Even with a few more wins down the stretch, the program is still on shaky ground. It will have two bad years under its belt and will lose its best player. If Prosser gains some momentum and a good recruit or two, then the pressure will be less. If Wake looks bad down the stretch and Prosser is unable to impact his roster, then the pressure will be turned up significantly.

As written here previously, it is rare for a coach to right his own ship after at least two very bad seasons. In fact, if Prosser were to have three bad seasons in a row, then stay and revive the team, it would be truly historic.

Since 1975, ACC programs have had streaks of at least three seasons when they lost more than 60 percent of their ACC games 13 times. In 12 of those, the coach who started the streak was fired.

The lone exception was Maryland's Gary Williams, who went through three bad seasons from 1991-93, then righted the ship. Williams' problems were a direct result of Bob Wade and his NCAA trouble. However, Williams went 6-8 in the ACC in his first season (1990), so Wade technically didn't start the streak.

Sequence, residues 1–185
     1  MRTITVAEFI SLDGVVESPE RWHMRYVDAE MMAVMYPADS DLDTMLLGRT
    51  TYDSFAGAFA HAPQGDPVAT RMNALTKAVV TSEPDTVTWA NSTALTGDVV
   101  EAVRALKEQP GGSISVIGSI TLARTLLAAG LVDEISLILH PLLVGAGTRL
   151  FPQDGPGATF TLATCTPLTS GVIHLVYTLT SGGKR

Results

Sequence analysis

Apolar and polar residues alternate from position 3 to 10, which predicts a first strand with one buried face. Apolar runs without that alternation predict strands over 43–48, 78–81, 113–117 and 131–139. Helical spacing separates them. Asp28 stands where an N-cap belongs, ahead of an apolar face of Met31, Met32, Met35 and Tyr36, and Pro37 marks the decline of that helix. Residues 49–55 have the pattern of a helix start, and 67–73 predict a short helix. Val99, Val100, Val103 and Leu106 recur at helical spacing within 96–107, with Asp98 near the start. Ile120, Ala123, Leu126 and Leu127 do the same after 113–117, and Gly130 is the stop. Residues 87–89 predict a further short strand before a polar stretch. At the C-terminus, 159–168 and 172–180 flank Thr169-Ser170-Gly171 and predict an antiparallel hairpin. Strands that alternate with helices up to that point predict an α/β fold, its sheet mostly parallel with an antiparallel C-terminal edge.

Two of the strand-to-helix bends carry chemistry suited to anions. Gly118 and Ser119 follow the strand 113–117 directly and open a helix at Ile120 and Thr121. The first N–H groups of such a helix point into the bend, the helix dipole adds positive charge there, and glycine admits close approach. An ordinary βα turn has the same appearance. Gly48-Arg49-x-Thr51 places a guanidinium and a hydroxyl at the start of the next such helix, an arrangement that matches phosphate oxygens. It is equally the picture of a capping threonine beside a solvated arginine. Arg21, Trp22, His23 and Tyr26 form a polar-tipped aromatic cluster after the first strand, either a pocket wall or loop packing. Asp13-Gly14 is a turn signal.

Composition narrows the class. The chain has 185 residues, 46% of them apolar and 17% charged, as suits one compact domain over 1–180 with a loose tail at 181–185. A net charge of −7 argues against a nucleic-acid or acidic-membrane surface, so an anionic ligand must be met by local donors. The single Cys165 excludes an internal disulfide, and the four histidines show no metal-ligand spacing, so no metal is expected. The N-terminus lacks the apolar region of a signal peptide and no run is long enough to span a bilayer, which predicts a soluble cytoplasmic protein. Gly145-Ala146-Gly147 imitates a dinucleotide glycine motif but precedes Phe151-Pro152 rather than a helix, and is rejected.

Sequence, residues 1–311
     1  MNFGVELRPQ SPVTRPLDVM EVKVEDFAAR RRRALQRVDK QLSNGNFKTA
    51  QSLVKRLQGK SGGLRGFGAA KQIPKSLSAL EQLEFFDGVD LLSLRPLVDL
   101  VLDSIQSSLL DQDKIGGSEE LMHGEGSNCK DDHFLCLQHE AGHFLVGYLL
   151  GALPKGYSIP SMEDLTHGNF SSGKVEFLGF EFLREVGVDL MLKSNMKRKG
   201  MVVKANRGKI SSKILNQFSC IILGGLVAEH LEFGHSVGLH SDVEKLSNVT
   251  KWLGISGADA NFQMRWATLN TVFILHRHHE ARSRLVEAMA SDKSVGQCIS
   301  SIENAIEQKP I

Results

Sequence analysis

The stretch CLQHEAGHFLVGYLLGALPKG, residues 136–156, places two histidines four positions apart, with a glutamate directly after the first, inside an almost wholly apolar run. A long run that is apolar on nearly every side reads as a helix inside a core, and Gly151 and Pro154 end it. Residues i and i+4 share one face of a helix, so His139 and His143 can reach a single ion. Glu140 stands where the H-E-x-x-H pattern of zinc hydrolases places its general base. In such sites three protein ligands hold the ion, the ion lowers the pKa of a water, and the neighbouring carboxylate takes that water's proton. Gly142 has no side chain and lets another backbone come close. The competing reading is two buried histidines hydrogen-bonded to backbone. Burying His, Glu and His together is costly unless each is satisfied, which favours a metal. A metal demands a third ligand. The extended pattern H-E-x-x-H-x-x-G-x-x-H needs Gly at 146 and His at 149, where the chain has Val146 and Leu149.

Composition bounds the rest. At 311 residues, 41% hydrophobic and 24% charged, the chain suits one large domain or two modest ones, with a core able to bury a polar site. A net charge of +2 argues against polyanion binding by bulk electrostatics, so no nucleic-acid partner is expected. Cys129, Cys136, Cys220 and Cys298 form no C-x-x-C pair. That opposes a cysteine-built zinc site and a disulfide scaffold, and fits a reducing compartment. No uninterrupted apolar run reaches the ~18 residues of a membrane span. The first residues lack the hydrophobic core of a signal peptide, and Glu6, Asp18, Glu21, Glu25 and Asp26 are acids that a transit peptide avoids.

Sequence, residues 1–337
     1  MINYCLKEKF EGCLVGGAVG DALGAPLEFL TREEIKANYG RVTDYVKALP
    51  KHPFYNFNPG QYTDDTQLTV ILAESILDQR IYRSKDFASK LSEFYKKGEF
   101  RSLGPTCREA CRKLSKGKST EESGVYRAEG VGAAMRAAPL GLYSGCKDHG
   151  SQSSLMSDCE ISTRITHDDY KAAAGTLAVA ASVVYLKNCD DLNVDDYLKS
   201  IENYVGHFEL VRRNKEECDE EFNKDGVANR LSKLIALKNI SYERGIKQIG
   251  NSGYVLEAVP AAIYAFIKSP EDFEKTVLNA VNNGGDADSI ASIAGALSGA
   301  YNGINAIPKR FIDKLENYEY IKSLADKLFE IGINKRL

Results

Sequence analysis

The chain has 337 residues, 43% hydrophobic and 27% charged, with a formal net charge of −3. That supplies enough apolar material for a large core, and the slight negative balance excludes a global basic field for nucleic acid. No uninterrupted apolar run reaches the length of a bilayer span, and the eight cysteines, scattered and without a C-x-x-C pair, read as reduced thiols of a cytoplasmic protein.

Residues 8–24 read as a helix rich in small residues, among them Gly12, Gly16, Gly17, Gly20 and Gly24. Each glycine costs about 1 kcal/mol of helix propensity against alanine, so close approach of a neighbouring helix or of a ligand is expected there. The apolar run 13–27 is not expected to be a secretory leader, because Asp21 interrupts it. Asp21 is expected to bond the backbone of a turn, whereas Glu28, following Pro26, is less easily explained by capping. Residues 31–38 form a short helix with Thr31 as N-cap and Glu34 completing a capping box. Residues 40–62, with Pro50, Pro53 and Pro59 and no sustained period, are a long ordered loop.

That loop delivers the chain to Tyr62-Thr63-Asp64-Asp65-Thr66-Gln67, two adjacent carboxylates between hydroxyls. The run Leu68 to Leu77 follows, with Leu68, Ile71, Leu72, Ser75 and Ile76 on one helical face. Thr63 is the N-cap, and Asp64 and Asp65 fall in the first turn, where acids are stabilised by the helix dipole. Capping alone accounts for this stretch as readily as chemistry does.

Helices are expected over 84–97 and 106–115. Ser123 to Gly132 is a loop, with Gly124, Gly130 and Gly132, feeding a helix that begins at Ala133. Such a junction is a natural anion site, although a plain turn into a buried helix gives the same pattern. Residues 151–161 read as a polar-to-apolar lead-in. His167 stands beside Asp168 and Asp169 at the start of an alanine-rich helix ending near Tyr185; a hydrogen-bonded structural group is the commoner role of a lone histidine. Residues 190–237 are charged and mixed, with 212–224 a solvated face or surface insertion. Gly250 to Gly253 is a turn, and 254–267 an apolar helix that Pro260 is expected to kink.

In all other cases, the pattern has been that a bad streak at least three seasons long has cost at least one coach his job, often two. Here's a look at the other 12 instances:

  • Clemson 1982-86: Bill Foster left in 1985, and Cliff Ellis was able to turn the program around, including winning Clemson's only ACC regular-season title.

  • Clemson 1991-95: Ellis' success faded, and he gave way to Rick Barnes in 1995. Barnes put Clemson in the NCAA Tournament in all three of his seasons before leaving for Texas.

  • Clemson 1999-2005: Larry Shyatt was fired after the 2003 season, giving way to Oliver Purnell.

  • Duke 1973-77: Bucky Waters was fired in 1973. Neil McGeachy lasted one season, and Bill Foster took over in 1975. Foster had the program in the NCAA title game by 1978.